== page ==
There’s Rooibos in my Soul

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Part of me will always belong in South Africa.

I’m in my tenth year away, but the smell of a steaming pot of rooibos tea can cross those ten thousand miles in an instant. To the land of charm and Mrs Balls chutney and street vendors selling “peeeeechez, just five rrend-a-beg”. To howzits and hauw’s and hala kahles. To now nows and just nows.

I love my life in California, but when we step off the plane and begin our drive on the left hand side of the road, remembering again to keep an eye out for careening mini-bus taxis, there’s a sense of belonging that comes rushing back as quickly as my original South African accent.

I take in the shanty houses: corrugated iron roofs held down with rocks, yet sporting satellite dishes. I watch for cows and teenagers on the side of the highway, knowing that either of those might venture across at any moment. I know these things without having to think. Like rusty fingers pressed into the service of Chopin after a decade away from classical piano, my mental muscle-memory is called into service along the Cape Town freeway, if not a little slowly.

I buy government loaf white bread hot from the neighborhood Spar. I count out the change without worrying that I will get the combination of coins wrong to make the right amount. In ten years, I still can’t count nickels and dimes properly, but rands and cents make sense to me.

I hear birds. Oh, the birds!

I hear languages: eleven official and funagalo to boot.

I smell trees and cars and poverty and fear and joy.

I don’t live in South Africa anymore. When people abroad ask “what’s South Africa like?” I have to say that I don’t know. Ten years is a long time to be gone. Things change. I know who the president is (more’s the pity), but not much else. My fingers have been taking pulses elsewhere for some time now.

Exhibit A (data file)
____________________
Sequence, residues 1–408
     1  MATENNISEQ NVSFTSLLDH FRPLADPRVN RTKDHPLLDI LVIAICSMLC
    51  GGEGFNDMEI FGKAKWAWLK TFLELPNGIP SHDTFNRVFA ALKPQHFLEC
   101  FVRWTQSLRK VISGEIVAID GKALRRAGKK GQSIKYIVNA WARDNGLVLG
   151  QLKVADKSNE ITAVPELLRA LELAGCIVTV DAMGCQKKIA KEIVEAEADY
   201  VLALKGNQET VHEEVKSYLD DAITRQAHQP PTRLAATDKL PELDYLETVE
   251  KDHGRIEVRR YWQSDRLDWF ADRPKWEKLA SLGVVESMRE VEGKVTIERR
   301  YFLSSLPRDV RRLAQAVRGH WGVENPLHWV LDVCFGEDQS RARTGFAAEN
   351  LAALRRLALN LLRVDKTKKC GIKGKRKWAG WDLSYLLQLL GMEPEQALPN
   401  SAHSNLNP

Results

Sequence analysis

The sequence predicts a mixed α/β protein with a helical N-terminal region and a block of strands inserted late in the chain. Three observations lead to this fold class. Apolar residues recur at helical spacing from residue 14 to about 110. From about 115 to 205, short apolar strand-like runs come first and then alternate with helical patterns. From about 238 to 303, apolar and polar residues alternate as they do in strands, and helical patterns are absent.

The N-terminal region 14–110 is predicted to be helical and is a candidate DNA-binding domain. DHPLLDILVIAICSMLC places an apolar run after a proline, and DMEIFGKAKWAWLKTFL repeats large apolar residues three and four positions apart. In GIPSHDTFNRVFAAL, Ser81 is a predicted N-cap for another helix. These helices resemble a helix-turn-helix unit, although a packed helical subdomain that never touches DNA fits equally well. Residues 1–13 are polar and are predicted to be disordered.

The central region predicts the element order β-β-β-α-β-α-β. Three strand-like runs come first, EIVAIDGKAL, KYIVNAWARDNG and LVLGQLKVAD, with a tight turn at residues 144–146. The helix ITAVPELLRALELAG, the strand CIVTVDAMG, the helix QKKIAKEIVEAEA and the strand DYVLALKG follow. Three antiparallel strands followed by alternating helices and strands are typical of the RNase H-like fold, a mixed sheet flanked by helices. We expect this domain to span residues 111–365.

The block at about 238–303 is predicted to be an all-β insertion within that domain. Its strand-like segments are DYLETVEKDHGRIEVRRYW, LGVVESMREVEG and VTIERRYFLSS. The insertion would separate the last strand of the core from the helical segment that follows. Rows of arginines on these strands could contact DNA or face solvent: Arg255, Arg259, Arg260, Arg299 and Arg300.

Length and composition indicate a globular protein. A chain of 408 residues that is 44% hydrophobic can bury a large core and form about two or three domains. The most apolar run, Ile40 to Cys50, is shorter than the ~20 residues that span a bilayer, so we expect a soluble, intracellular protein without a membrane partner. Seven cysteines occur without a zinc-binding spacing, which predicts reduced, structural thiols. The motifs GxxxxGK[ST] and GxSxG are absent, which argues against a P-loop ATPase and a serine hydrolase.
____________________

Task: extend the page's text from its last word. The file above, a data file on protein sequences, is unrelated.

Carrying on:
But despite the gap of 3670 days and 16,994 kilometers between my Californian present and my Capetonian past, when I look up at Devil’s Peak and feel the South-Easter stir,



I still feel I belong.


That there is Devil’s peak, the western peak of Table Mountain. My alma mater is the rose-colored building on its slopes. This picture does not do it justice… Especially at sunset. This schmaltzy post is day 24 of 31 days of belonging a writing challenge for the month of October. For a complete list of posts, click here.

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9 thoughts on “There’s Rooibos in my Soul”

  1. I can’t help but think “YES! and I get that same feeling when I catch certain intangible, fleeting senses of inexplicable awe, wonder, joy, contentment that speak so silently yet so loudly of my own Real Home – that Other City where my real citizenship remains.” It must be what the Jews felt who were born in the diaspora, but were entering Jerusalem for the first time of their lives, yet who felt the thrill rise up “I’m HOME!”

    1. Yes!!! (I’m saving that topic of the place we belong for the last of this October writing challenge… It’s the only thing keeping me going right now!)

    1. I speak Afrikaans and can understand some dutch (it’s easier for me to read it than to hear it sometimes). Homesickness can be so hard, even when we have great friends and a good church around us. I understand what you mean.

      1. I can understand a little bit of what you’re saying in the dialect from your region 🙂 (although it seems quite German in influence, rather than just dutch?)

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